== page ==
Jewish Theology
572 Pages
English
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Jewish Theology

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572 Pages
English

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Published 08 December 2010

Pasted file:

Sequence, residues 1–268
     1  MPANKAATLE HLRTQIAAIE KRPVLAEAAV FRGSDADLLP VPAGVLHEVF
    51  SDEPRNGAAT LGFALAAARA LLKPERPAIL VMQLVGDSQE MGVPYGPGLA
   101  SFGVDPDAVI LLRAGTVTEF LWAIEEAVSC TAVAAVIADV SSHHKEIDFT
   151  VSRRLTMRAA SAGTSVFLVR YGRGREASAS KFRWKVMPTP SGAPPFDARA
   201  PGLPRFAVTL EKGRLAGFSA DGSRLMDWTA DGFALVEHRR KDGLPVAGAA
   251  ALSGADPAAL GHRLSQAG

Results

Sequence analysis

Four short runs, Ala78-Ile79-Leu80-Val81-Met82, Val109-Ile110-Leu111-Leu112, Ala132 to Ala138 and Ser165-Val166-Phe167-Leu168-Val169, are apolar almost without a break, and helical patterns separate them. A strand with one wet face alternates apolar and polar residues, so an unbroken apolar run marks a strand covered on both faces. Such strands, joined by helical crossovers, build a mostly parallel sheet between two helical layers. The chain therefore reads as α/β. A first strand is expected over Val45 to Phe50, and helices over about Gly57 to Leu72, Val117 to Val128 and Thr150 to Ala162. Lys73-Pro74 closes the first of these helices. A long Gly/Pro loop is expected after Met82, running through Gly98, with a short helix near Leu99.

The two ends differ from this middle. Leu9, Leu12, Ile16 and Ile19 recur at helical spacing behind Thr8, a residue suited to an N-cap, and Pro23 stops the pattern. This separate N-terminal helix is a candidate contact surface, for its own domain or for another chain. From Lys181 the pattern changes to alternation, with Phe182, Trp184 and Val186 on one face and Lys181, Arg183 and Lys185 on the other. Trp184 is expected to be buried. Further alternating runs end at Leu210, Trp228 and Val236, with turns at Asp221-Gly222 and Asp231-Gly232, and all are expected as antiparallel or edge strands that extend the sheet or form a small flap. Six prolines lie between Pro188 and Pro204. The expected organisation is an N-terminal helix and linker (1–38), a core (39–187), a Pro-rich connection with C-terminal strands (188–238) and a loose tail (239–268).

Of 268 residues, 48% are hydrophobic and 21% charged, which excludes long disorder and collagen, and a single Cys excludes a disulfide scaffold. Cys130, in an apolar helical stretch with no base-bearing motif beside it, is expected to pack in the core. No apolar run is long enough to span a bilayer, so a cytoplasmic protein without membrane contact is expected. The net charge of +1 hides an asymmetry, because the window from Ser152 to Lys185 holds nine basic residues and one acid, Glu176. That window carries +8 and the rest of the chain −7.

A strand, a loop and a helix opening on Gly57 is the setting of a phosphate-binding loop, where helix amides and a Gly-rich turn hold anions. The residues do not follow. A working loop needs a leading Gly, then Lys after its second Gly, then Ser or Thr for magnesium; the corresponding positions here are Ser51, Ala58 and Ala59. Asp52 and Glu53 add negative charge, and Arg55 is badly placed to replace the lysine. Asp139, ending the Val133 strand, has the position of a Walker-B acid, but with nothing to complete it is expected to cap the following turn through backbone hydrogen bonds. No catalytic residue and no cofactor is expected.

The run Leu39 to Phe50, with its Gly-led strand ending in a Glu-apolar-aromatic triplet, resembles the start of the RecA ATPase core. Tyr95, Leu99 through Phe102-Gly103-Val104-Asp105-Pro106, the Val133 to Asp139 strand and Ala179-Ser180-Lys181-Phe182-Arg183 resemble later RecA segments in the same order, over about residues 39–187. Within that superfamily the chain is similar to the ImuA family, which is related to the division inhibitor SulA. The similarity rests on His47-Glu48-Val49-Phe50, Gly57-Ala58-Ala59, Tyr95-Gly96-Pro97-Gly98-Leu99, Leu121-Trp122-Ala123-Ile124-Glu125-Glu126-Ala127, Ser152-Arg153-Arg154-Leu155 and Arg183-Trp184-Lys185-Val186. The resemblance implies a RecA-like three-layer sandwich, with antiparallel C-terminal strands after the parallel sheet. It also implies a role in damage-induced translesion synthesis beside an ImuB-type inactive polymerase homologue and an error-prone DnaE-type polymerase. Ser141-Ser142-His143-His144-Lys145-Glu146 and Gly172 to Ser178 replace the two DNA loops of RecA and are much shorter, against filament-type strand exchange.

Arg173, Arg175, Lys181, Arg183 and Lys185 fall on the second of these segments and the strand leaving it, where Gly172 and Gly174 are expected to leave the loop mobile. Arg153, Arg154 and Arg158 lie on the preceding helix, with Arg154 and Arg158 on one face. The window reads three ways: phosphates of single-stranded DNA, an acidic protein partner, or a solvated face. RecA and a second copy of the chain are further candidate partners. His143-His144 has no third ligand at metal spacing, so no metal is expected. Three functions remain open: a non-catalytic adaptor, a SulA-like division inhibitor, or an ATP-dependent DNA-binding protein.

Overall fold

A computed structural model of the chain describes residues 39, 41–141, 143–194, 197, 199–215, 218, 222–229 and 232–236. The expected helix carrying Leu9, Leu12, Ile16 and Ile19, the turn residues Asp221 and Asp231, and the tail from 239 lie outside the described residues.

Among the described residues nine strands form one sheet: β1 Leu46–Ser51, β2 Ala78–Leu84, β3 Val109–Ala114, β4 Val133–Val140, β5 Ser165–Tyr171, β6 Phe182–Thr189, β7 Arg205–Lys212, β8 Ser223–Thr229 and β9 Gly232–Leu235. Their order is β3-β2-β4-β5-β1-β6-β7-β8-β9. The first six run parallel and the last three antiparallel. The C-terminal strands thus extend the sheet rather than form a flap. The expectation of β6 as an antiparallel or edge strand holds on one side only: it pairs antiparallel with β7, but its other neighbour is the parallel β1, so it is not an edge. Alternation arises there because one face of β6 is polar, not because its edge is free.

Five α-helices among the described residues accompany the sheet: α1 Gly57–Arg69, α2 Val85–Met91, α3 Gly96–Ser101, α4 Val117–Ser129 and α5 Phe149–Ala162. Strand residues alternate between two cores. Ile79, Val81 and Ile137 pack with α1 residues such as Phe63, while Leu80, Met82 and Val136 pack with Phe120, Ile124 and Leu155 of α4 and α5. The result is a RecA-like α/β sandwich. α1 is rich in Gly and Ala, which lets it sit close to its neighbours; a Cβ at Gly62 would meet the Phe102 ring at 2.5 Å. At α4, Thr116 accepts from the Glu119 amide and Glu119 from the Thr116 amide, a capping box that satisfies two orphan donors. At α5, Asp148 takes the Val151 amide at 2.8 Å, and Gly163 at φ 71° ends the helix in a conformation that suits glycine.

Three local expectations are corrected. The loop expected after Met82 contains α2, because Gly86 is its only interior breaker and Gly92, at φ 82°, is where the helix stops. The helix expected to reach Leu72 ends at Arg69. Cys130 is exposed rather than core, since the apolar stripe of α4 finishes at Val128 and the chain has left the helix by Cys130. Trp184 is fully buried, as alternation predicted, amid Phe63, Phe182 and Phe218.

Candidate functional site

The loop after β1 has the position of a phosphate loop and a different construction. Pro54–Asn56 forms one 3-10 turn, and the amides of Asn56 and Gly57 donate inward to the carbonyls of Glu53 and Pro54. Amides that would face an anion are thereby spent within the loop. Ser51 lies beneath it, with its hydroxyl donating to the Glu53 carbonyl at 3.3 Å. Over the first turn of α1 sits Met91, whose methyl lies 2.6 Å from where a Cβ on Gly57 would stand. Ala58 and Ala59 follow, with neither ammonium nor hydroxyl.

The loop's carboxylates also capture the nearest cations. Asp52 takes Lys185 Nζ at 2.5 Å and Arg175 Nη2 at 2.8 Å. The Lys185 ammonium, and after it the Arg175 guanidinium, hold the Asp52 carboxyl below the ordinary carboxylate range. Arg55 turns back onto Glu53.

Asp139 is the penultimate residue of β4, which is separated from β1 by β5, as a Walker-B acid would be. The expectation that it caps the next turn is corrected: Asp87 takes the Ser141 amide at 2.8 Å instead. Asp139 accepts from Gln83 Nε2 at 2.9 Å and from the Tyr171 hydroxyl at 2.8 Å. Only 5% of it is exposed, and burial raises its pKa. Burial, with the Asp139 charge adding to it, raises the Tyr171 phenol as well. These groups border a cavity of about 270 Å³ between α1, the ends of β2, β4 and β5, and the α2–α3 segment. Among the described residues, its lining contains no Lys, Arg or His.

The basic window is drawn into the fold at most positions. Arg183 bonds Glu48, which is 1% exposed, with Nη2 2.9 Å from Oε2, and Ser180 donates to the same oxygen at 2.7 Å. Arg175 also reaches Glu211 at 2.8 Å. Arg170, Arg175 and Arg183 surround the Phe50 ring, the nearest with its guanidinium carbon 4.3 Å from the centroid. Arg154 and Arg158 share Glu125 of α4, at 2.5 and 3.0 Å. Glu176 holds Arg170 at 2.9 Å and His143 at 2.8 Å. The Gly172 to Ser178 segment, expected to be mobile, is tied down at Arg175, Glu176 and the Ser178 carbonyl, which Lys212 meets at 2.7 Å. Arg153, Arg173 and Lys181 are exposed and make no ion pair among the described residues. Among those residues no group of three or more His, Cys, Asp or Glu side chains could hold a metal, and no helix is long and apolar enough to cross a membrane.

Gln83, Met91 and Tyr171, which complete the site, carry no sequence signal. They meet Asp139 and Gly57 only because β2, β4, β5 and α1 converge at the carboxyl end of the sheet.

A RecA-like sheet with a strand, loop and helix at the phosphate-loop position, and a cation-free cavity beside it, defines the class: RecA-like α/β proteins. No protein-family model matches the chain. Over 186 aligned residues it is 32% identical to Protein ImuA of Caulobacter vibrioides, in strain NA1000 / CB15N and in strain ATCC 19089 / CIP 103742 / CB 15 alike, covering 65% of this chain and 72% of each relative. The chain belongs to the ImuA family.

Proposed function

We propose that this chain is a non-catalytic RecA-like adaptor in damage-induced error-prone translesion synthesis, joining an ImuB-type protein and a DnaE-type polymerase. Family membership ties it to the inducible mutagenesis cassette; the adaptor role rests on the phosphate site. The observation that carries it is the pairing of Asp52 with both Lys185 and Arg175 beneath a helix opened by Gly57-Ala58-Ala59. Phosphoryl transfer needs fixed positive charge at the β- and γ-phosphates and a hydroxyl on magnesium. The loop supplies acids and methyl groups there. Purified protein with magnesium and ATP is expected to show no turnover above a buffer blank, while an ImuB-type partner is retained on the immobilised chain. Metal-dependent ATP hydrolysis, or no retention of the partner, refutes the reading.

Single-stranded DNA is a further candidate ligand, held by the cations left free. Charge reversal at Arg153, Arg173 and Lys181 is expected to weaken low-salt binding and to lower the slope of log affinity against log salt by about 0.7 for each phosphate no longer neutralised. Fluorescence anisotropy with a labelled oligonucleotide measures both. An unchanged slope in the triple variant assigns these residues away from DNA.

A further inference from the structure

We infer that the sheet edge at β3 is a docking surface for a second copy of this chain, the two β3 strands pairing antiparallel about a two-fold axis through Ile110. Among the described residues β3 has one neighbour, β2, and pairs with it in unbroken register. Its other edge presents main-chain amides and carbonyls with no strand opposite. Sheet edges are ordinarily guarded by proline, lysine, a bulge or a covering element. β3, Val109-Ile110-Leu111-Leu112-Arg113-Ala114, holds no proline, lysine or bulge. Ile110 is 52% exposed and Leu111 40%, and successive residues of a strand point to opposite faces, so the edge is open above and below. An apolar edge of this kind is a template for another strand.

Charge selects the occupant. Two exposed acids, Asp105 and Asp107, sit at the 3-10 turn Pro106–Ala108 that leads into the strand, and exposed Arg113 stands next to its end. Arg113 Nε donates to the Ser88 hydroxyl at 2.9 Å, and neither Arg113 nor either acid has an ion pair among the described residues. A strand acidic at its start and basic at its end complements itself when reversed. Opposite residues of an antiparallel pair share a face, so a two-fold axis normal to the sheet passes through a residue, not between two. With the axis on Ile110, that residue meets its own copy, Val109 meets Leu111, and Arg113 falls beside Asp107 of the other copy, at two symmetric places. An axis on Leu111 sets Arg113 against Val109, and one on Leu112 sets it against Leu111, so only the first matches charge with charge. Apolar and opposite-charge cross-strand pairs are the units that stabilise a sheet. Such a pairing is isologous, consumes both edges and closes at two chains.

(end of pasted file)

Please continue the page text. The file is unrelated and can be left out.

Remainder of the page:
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The Project Gutenberg EBook of Jewish Theology by Kaufmann Kohler This eBook is for the use of anyone anywhere at no cost and with almost no restrictions whatsoever. You may copy it, give it away or re-use it under the terms of the Project Gutenberg License included with this eBook or online at http://www.gutenberg.org/license Title: Jewish Theology Author: Kaufmann Kohler Release Date: June 6, 2010 [Ebook 32722] Language: English ***START OF THE PROJECT GUTENBERG EBOOK JEWISH THEOLOGY*** Jewish Theology Systematically and Historically Considered By Dr. K. Kohler President Hebrew Union College New York The Macmillan Company 1918 Contents Dedication . . . . . . . . . . . . . . . . . . . . . . . . . . 2 Preface . . . . . . . . . . . . . . . . . . . . . . . . . . . . 3 Introductory . . . . . . . . . . . . . . . . . . . . . . . . . 7 Chapter I. The Meaning of Theology . . . . . . . . . . 7 Chapter II. What is Judaism? . . . . . . . . . . . . . . 13 Chapter III. The Essence of the Religion of Judaism . . 21 Chapter IV. The Jewish Articles of Faith . . . . . . . . 25 Part I. God . . . . . . . . . . . . . . . . . . . . . . . . . . 35 A. God As He Makes Himself Known To Man . . . . . 35 Chapter V. Man's Consciousness of God and Belief in God . . . . . . . . . . . . . . . 35 Chapter VI. Revelation, Prophecy, and Inspiration 40 Chapter VII. The Torah—the Divine Instruction . 48 Chapter VIII. God's Covenant . . . . . . . . . . 54 B. The Idea Of God In Judaism . . . . . . . . . . . . . 58 Chapter IX. God and the Gods . . . . . . . . . . 58 Chapter X. The Name of God . . . . . . . . . . . 64 Chapter XI. The Existence of God . . . . . . . . 70 Chapter XII. The Essence of God . . . . . . . . . 78 Chapter XIII. The One and Only God . . . . . . 88 Chapter XIV. God's Omnipotence and Omniscience 96 Chapter XV. God's Omnipresence and Eternity . 101 Chapter XVI. God's Holiness . . . . . . . . . . . 106 Chapter XVII. God's Wrath and Punishment . . . 112 Chapter XVIII. God's Long-suffering and Mercy 117 Chapter XIX. God's Justice . . . . . . . . . . . . 122 Chapter XX. God's Love and Compassion . . . . 130 Chapter XXI. God's Truth and Faithfulness . . . 138 Chapter XXII. God's Knowledge and Wisdom . . 141 iv Jewish Theology Chapter XXIII. God's Condescension . . . . . . 146 C. God In Relation To The World . . . . . . . . . . . 150 Chapter XXIV. The World and its Master . . . . 150 Chapter XXV. Creation As the Act of God . . . . 156 Chapter XXVI. The Maintenance and Government of the World . . . . . . . . . . . . 160 Chapter XXVII. Miracles and the Cosmic Order . 164 Chapter XXVIII. Providence and the Moral Government of the World . . . . . . . . . . . 171 Chapter XXIX. God and the Existence of Evil . . 180 Chapter XXX. God and the Angels . . . . . . . . 184 Chapter XXXI. Satan and the Spirits of Evil . . . 193 Chapter XXXII. God and the Intermediary Powers 201 Part II. Man . . . . . . . . . . . . . . . . . . . . . . . . . 210 Chapter XXXIII. Man's Place in Creation . . . . . . . 210 Chapter XXXIV. The Dual Nature of Man . . . . . . . 216 Chapter XXXV. The Origin and Destiny of Man . . . . 222 Chapter XXXVI. God's Spirit in Man . . . . . . . . . 230 Chapter XXXVII. Free Will and Moral Responsibility . 235 Chapter XXXVIII. The Meaning of Sin . . . . . . . . 242 Chapter XXXIX. Repentance Or the Return To God . . 250 Chapter XL. Man, the Child of God . . . . . . . . . . 260 Chapter XLI. Prayer and Sacrifice . . . . . . . . . . . 265 Chapter XLII. The Nature and Purpose of Prayer . . . 275 Chapter XLIII. Death and the Future Life . . . . . . . 282 Chapter XLIV. The Immortal Soul of Man . . . . . . . 290 Chapter XLV. Divine Retribution: Reward and Punishment. . . . . . . . . . . . . . . . . . . . . . . 302 Chapter XLVI. The Individual and the Race . . . . . . 314 Chapter XLVII. The Moral Elements of Civilization . . 320 Part III. Israel And The Kingdom Of God . . . . . . . . . 327 Chapter XLVIII. The Election of Israel . . . . . . . . . 327 Chapter XLIX. The Kingdom of God and the Mission of Israel . . . . . . . . . . . . . . . . . . . . . . 335 v Chapter L. The Priest-people and its Law of Holiness Chapter LI. Israel, the People of the Law, and its World Mission . . . . . . . . . . . . . . . . . . . . . Chapter LII. Israel, the Servant of the Lord, Martyr and Messiah Of the Nations . . . . . . . . . . . Chapter LIII. The Messianic Hope . . . . . . . . . . Chapter LIV. Resurrection, a National Hope . . . . . Chapter LV. Israel and the Heathen Nations . . . . . Chapter LVI. The Stranger and the Proselyte . . . . . Chapter LVII. Christianity and Mohammedanism, the Daughter-Religions Of Judaism . . . . . . . . Chapter LVIII. The Synagogue and its Institutions . . Chapter LIX. The Ethics of Judaism and the Kingdom of God . . . . . . . . . . . . . . . . . . . . . . List Of Abbreviations . . . . . . . . . . . . . . . . . . . Index . . . . . . . . . . . . . . . . . . . . . . . . . . . Footnotes . . . . . . . . . . . . . . . . . . . . . . . . . . 346 . 358 . . . . . 371 382 395 400 411 . 429 . 449 . . . . 478 493 499 547 [v] Dedication To The Memory Of EDWARD L. HEINSHEIMER THE LAMENTED PRESIDENT OF THE BOARD OF GOVERNORS OF THE HEBREW UNION COLLEGE IN WHOM ZEAL FOR THE HIGH IDEALS PATRIOTIC DEVOTION TO OUR BLESSED COUNTRY WERE NOBLY EMBODIED OF JUDAISM AND In Friendship And Affection [vii] Preface In offering herewith to the English-reading public the present work on Jewish Theology, the result of many years of research and of years of activity as President and teacher at the Hebrew Union College of Cincinnati, I bespeak for it that fairness of judgment to which every pioneer work is entitled. It may seem rather strange that no such work has hitherto been written by any of the leading Jewish scholars of either the conservative or the progressive school. This can only be accounted for by the fact that up to modern times the Rabbinical and philosophical literature of the Middle Ages sufficed for the needs of the student, and a systematic exposition of the Jewish faith seemed to be unnecessary. Besides, a real demand for the specific study of Jewish theology was scarcely felt, inasmuch as Judaism never assigned to a creed the prominent position which it holds in the Christian Church. This very fact induced Moses Mendelssohn at the beginning of the new era to declare that Judaism “contained only truths dictated by reason and no dogmatic beliefs at all.” Moreover, as he was rather a deist than a theist, he stated boldly that Judaism “is not a revealed religion but a revealed law intended solely for the Jewish people as the vanguard of universal monotheism.” By taking this legalistic view of Judaism in common with the former opponents of the Maimonidean articles of faith—which, by the way, he had himself translated for the religious instruction of the Jewish youth—he exerted a deteriorating influence upon the normal development of the Jewish faith under the new social conditions. The fact is that Mendelssohn emancipated the modern Jew from the thraldom of the Ghetto, but not Judaism. In the Mendelssohnian circle the impression prevailed, as we are told, that Judaism consists of a [viii] 4 Jewish Theology [ix] system of forms, but is substantially no religion at all. The entire Jewish renaissance period which followed, characteristically enough, made the cultivation of the so-called science of Judaism its object, but it neglected altogether the whole field of Jewish theology. Hence we look in vain among the writings of Rappaport, Zunz, Jost and their followers, the entire Breslau school, for any attempt at presenting the contents of Judaism as a system of faith. Only the pioneers of Reform Judaism, Geiger, Holdheim, Samuel Hirsch, Formstecher, Ludwig Philippson, Leopold Stein, Leopold Loew, and the Reform theologian par excellence David Einhorn, and likewise, Isaac M. Wise in America, made great efforts in that direction. Still a system of Jewish theology was wanting. Accordingly when, at the suggestion of my dear departed friend, Dr. Gustav Karpeles, President of the Society for the Promotion of the Science of Judaism in Berlin, I undertook to write a compendium (Grundriss) of Systematic Jewish Theology, which appeared in 1910 as Vol. IV in a series of works on Systematic Jewish Lore (Grundriss der Gesammtwissenschaft des Judenthums), I had no work before me that might have served me as pattern or guide. Solomon Schechter's valuable studies were in the main confined to Rabbinical Theology. As a matter of fact I accepted the task only with the understanding that it should be written from the view-point of historical research, instead of a mere dogmatic or doctrinal system. For in my opinion the Jewish religion has never been static, fixed for all time by an ecclesiastical authority, but has ever been and still is the result of a dynamic process of growth and development. At the same time I felt that I could not omit the mystical element which pervades the Jewish religion in common with all others. As our prophets were seers and not philosophers or moralists, so divine inspiration in varying degrees constituted a factor of Synagogal as well as Scriptural Judaism. Revelation, therefore, is to be considered as a continuous force in shaping and reshaping the Jewish faith.